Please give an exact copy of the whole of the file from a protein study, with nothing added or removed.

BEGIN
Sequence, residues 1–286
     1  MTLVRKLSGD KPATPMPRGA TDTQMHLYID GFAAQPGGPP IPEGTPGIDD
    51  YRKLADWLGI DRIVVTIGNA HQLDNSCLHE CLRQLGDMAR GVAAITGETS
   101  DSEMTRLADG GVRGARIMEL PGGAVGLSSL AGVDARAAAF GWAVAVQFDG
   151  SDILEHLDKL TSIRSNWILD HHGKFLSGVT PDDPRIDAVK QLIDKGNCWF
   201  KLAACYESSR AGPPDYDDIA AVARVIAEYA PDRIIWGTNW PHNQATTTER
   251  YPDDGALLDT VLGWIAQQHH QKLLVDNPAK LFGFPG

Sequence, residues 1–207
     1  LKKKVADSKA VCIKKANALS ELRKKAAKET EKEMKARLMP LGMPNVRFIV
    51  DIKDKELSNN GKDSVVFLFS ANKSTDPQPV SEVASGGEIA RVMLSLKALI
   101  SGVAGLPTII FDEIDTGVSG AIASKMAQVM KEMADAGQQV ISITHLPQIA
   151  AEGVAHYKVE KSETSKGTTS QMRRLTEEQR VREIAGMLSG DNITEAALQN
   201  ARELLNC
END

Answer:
Sequence, residues 1–286
     1  MTLVRKLSGD KPATPMPRGA TDTQMHLYID GFAAQPGGPP IPEGTPGIDD
    51  YRKLADWLGI DRIVVTIGNA HQLDNSCLHE CLRQLGDMAR GVAAITGETS
   101  DSEMTRLADG GVRGARIMEL PGGAVGLSSL AGVDARAAAF GWAVAVQFDG
   151  SDILEHLDKL TSIRSNWILD HHGKFLSGVT PDDPRIDAVK QLIDKGNCWF
   201  KLAACYESSR AGPPDYDDIA AVARVIAEYA PDRIIWGTNW PHNQATTTER
   251  YPDDGALLDT VLGWIAQQHH QKLLVDNPAK LFGFPG

Sequence, residues 1–207
     1  LKKKVADSKA VCIKKANALS ELRKKAAKET EKEMKARLMP LGMPNVRFIV
    51  DIKDKELSNN GKDSVVFLFS ANKSTDPQPV SEVASGGEIA RVMLSLKALI
   101  SGVAGLPTII FDEIDTGVSG AIASKMAQVM KEMADAGQQV ISITHLPQIA
   151  AEGVAHYKVE KSETSKGTTS QMRRLTEEQR VREIAGMLSG DNITEAALQN
   201  ARELLNC